Longtime lawman, former sheriff Forrest Bright retires

Wyoming’s First Lady Jennie Gordon (center) takes a selfie with her Chief of Staff Trista Ostrom and former Uinta County Sheriff Forrest Bright. The group stopped in Farson for some ice cream as Bright was escorting Gordon around the state during her Wyoming Hunger Initiative program. (COURTESY PHOTO/Office of Gov. Mark Gordon)

EVANSTON — Last month, Forrest Bright, former Evanston resident, retired after 44 years in law enforcement, most recently serving as part of the Executive Protection Team for Gov. Mark Gordon and former Gov. Matt Mead. Due to state restrictions concerning large gatherings and social distancing, the retirement celebration party planned by Gordon has been postponed but will eventually take place when it is safe, Bright said.

Bright, the son of Patricia and the late Charles Bright, was born in Thermopolis. The Bright family moved from Utah to Evanston in October of 1965, when Forrest was 10 years old. When he was a senior at Evanston High School, he won the state wrestling championship in 1974.

“That same year, the Utah state wrestling team invited the EHS team to participate in their competition,” Bright said, “and I won the Utah state freestyle wrestling championship.”

After high school, Bright attended Weber State University in Ogden, Utah, where he received his Associate of Arts in Police Science. In July of 1976, then-Evanston Police Chief Mel Wren offered Bright a job with the Evanston Police Department. Bright served as patrol lieutenant with the EPD for 15 years when he decided to run for Uinta County Sheriff.

He won the election and served as Uinta County Sheriff from 1991 until 2006, giving another 15 years of dedicated service to the residents of Uinta County.

“The job of Sheriff was my favorite out of any of my positions in law enforcement,” Bright said. “I had the opportunity to drive around and check with ranchers in the county. As we visited, they would invariably insist I come in for a cup of coffee or to have lunch with them. It was a wonderful experience. The only downside to being sheriff was I had to run for reelection every three years.”

In March of 2006, Bright was approached by then-Wyoming Attorney General Pat Crank, who asked him to move to Cheyenne to become the Director of the Department of Criminal Investigation (DCI). Bright received approval of then-Governor Dave Freudenthal and successive governors continued the approval, ensuring Bright held that position for almost eight years. 

When Mead became governor, he asked Bright if he would move to a position on the   Executive Protection Team. This meant that Bright would rotate between protecting the governor and his family and working on the road as a Wyoming Highway Patrol trooper. The Executive Protection Team is made up eight troopers and a supervising lieutenant.

“Being on the Executive Protection Team was a wonderful opportunity, as I got to travel to other countries with the governor and to every town in Wyoming,” Bright said. “When I was protecting the governor and his family, I wore a suit and tie, and when I was on the road as a trooper I was in uniform — except during Cheyenne Frontier Days, [where] we got to dress in traditional western wear. Every two weeks, members of the team would alternate job duties.”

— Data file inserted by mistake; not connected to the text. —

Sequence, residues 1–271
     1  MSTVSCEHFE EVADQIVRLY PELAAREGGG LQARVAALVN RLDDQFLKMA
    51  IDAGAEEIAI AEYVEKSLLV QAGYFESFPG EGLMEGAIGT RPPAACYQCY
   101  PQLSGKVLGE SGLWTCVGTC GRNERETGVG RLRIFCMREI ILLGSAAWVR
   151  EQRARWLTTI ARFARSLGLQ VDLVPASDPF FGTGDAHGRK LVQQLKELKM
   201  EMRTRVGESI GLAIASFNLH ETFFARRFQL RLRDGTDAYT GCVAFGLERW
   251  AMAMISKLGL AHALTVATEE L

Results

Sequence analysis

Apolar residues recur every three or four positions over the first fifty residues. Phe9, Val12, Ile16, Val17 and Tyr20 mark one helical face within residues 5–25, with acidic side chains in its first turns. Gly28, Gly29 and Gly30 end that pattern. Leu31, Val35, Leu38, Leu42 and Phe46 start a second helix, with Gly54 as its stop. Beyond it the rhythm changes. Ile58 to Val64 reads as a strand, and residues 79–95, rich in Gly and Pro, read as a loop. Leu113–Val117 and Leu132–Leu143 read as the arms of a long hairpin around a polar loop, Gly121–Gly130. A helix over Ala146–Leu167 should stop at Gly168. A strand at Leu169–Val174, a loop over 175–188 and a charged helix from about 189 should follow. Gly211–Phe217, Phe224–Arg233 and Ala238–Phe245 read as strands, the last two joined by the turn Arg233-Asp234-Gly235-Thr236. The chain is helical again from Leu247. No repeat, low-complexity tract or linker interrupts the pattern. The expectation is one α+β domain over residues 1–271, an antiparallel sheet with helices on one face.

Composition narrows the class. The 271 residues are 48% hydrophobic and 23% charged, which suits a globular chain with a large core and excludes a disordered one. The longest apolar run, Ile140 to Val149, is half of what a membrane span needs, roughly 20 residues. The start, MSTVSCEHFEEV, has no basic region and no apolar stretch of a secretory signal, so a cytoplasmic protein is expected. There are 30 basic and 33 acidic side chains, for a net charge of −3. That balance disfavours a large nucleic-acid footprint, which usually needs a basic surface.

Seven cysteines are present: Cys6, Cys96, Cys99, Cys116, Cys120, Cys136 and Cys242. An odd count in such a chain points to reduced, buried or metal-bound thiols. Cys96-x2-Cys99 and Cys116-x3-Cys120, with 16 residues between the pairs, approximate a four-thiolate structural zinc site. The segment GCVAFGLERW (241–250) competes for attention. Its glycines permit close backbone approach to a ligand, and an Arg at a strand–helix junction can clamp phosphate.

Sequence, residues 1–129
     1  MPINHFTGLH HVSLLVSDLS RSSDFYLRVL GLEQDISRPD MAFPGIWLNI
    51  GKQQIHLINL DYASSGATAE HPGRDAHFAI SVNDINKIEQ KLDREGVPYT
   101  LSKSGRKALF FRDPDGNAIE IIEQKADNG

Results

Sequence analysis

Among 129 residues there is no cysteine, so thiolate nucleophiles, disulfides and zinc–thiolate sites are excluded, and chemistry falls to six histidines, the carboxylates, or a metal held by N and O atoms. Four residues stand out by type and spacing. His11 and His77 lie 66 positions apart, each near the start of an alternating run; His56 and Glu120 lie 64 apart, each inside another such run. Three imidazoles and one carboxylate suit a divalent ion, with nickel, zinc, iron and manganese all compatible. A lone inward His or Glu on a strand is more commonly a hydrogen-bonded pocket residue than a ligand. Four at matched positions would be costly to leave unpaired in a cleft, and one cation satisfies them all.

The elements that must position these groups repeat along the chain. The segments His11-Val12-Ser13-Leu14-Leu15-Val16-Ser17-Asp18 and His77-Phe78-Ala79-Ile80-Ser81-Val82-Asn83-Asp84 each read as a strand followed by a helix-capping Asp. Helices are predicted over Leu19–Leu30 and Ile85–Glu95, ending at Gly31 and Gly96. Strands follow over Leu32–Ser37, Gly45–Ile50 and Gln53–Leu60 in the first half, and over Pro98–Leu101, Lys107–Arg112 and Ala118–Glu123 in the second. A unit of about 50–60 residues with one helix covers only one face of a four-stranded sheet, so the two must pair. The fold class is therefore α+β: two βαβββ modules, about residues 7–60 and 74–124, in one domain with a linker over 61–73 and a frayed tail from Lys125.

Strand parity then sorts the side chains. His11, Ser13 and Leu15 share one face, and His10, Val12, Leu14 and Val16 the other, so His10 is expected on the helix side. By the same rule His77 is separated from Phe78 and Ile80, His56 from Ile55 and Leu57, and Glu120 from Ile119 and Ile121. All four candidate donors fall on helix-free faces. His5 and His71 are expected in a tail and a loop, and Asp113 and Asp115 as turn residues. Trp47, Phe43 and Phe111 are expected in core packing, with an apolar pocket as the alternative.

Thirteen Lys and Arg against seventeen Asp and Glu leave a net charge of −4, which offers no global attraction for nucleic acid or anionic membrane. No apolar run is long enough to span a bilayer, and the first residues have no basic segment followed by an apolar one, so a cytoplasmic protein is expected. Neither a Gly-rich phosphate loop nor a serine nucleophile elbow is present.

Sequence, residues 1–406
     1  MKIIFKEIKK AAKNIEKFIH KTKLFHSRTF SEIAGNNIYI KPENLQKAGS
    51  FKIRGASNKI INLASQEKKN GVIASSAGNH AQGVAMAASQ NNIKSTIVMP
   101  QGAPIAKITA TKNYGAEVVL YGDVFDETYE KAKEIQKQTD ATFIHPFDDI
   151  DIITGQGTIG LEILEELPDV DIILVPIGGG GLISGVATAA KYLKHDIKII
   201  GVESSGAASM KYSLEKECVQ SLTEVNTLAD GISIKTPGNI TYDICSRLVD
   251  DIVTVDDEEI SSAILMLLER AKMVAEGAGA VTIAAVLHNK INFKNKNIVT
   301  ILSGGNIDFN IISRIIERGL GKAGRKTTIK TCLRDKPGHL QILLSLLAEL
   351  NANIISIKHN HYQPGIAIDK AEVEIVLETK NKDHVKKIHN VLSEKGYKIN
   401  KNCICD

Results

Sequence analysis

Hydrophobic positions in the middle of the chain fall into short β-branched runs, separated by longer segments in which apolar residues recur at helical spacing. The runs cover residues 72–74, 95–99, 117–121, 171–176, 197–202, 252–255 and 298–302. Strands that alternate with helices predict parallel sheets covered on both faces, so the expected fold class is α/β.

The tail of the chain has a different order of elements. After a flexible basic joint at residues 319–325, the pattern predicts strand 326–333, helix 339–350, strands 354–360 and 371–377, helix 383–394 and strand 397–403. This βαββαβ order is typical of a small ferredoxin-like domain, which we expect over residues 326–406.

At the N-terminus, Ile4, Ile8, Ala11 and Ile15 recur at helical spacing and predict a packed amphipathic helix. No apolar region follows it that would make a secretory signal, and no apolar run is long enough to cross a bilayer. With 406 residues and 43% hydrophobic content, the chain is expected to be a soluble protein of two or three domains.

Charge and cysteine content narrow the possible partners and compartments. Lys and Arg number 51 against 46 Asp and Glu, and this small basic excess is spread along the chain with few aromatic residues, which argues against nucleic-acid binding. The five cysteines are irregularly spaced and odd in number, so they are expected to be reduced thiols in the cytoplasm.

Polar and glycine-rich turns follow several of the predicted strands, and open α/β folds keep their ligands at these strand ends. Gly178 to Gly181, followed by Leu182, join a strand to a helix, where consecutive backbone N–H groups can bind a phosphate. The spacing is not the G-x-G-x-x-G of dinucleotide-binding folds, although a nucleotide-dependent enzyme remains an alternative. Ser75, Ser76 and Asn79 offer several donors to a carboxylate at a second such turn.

The governor praised Bright when contacted by the Herald.

“What a great friend and wonderful guy,” Gordon said. “What a fantastic history: sheriff of Uinta County, DCI director and the guy who drove First Lady Gordon all around the state for the Wyoming Hunger Initiative — even if they did stop in Farson for ice cream. It was Forrest who started calling Jennie “Sunshine.” He escorted us to Wyoming Downs last year and while we were talking to folks, he was winning money. Good guy and frugal, we didn’t get any of it!”

Bright and his wife Patty have spent the last seven years living a long-distance relationship.  When Forrest and Patty married, her teenage daughter didn’t want to move to Cheyenne, so they agreed to each remain in their own homes and see each other as much as possible. They both enjoy working together in their off time by flipping houses. They do the renovation and remodeling on houses themselves and then put them on the market. 

“It started as a fun venture, but I got greedy and just kept buying and flipping,” Bright said with a laugh. “We’ve flipped seven in the last three years. Now that I’ve retired, we will continue the venture. Patty is retired also and we had hoped to go on a cruise and take a vacation but COVID-19 has stopped that for now.”

When asked if he misses Evanston, Bright said, “Yes, I do at times. I have family there and when I visit I love to just drive around and see what’s new and what changes have happened. It’s a great community.”


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